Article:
by Flo Cornish
Presenting a vegan chocolate ganache recipe that's rich, silky and best eaten by the spoonful. Use it as cake decoration, drizzle on brownies or spoon over fresh fruit and devour. Designed by a pastry chef, it comes together with just two ingredients.
Hi, I’m Flo, a trained pastry chef and lover of all things baked. If you’re new to vegan baking, or just looking to find easy and delicious bakes, you’ve come to the right place. I’ll be taking you through a baking course, from building blocks to basics, and beyond. This week a “can-I-lick-the-bowl” favourite: Chocolate Ganache.
There’s not a huge amount separating the method, ingredients or final flavour from a typical dairy version when it comes to ganache. Most dairy and non-dairy ganache recipes rely on chocolates with high cocoa percentages, as it helps to stabilise the mixture against splitting. Splitting is the term for when fat solids separate from the rest of the mixture to create a grainy, oily texture. This recipe is rich, creamy and you won’t be able to taste the difference, that’s a promise.
For all the tips you need to stop your vegan ganache from splitting, look no further…
The best thing about converting a dairy ganache into a vegan recipe is that you only need one swap: the single cream. There’s actually quite a lot of options. I have tested this recipe with coconut milk, oat cream and soy milk and they were all delicious! If I had to choose I think the coconut milk would be my favourite for its round, delicate flavour that balances beautifully with the bitterness of the dark chocolate. If you try it successfully with any other dairy cream substitute, I would love to know in the comments.
This is the most common question I am asked about ganache, vegan or otherwise. There are two main steps you can take to avoid splitting your ganache. Firstly: use a high quality chocolate, with minimum 70% cocoa solids (most vegan dark chocolates are in this range anyway). The lower the cocoa solids, the higher the fat content. This makes the chocolate difficult to work with and prone to splitting.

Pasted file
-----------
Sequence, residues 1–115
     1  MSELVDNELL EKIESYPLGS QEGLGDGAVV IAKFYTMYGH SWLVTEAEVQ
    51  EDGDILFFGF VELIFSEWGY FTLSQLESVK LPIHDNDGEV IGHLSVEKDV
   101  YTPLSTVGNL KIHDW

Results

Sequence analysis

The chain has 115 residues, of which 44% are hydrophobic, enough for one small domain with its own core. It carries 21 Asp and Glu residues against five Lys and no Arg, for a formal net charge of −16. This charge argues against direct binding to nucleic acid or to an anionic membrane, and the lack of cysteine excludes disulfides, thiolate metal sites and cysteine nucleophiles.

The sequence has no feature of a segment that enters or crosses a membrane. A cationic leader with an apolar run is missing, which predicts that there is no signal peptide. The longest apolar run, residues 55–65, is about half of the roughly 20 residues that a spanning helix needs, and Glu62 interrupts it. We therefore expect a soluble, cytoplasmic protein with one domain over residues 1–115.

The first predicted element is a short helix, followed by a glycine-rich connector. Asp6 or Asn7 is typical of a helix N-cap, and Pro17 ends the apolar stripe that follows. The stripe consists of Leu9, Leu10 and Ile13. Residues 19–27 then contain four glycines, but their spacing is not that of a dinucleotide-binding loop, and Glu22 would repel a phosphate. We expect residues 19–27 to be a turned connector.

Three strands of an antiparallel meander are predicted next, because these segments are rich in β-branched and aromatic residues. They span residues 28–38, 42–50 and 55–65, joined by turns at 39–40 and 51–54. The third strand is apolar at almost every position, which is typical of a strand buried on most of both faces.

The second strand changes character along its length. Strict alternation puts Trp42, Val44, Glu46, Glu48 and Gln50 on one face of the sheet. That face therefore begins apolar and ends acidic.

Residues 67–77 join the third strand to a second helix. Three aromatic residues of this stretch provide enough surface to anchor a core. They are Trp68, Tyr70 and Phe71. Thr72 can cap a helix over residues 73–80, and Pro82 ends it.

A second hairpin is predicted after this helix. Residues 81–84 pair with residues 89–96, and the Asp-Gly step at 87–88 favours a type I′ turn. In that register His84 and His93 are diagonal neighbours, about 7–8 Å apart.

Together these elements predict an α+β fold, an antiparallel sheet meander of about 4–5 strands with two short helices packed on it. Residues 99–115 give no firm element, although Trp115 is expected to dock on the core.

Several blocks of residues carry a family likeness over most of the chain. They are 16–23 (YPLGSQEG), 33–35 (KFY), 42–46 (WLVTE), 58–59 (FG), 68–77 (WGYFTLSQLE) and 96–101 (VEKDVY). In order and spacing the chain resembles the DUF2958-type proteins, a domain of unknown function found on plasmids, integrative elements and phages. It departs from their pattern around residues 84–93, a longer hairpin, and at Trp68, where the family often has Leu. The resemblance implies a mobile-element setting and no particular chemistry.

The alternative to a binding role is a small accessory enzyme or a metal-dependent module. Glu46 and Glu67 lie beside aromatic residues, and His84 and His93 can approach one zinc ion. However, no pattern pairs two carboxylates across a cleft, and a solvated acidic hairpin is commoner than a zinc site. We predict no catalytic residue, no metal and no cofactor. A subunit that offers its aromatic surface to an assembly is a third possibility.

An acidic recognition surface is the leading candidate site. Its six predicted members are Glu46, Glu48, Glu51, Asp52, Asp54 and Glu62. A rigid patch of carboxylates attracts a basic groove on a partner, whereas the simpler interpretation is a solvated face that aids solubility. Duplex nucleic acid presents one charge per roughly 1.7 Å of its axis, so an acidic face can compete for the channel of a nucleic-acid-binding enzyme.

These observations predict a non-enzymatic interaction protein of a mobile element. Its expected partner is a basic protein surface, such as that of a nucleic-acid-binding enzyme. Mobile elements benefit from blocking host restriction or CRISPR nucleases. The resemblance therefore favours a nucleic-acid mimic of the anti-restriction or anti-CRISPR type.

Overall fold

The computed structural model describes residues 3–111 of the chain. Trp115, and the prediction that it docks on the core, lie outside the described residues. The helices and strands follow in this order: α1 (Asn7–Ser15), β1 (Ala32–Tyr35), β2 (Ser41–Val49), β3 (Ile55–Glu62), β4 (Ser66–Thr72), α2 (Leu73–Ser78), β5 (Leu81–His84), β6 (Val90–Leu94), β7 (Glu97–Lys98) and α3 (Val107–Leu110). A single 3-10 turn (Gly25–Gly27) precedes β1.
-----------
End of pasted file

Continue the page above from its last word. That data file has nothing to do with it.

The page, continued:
The second tip is to make sure you don’t boil your plant milk! Again, you run the risk of splitting the ganache if the milk is too hot. You will know your milk is the right temperature when you see small bubbles around the edge of your pan, and see a little steam dancing on the surface. As Mary Berry always says, “chocolate will melt in a child’s pocket”; it’s delicate and melts very easily so be gentle with it.
There are a few things you might have in mind for your decorating, and some easy tips to help you get there.
For drip cakes
Allow the ganache to cool to slightly above room temperature, and use a squeezy bottle to pipe around the sides of your iced cake. If you’re in need of a great buttercream to go on the base, you’re in luck; here’s the recipe for the best vegan buttercream in the biz (if I do say so myself...which I do). This works best on cold cakes, so this is the only time I will allow you to pop your cake in the fridge for 30 minutes before you drip.
Allow the ganache to cool completely and beat with an electric hand whisk until pale and doubled in volume. I would advise you to still use a buttercream crumb layer before covering with the ganache. A crumb layer is the first frosting you put onto a naked cake; it sits under the main one and acts as a shield for all the crumbs so you don’t see them on the outside of your finished cake. Whipping ganache like this makes a delicious light and moussy topping for any layer cake, cupcake or traybake.
To ice immediately
You can add in half the liquid to chocolate if you want to make a ganache that you can use right away to ice cakes with. Sandwich two cake layers together with a filling of your choice and pour your ganache on top in a dreamy dark chocolate puddle. I love to top this with anything from sprinkles to shredded chocolate to fresh raspberries depending on the occasion.
Enough for 1 x 8 inch cake or 12-18 cupcakes, or one pastry chef with a spoon and an appetite
100g dark chocolate, minimum 70% cocoa solids
100g oat cream, coconut milk or soy milk
1 tbsp maple syrup (optional)
Chop the chocolate into very small pieces and place into a clean, dry, heatproof bowl (a bread knife helps to shred it up as you go).
Heat your plant milk of choice – and maple syrup if using – in a wide bottomed saucepan until just steaming. You do not want to boil it at this stage.
Once you see a few bubbles just starting to appear in the plant milk, pour it over the chocolate and swirl it around. Leave to stand for 15 seconds before stirring gently with a spatula.
Stir the chocolate and plant milk until everything is just combined. It should look smooth and glossy at this point. Use right away or leave to firm up slightly as it stands.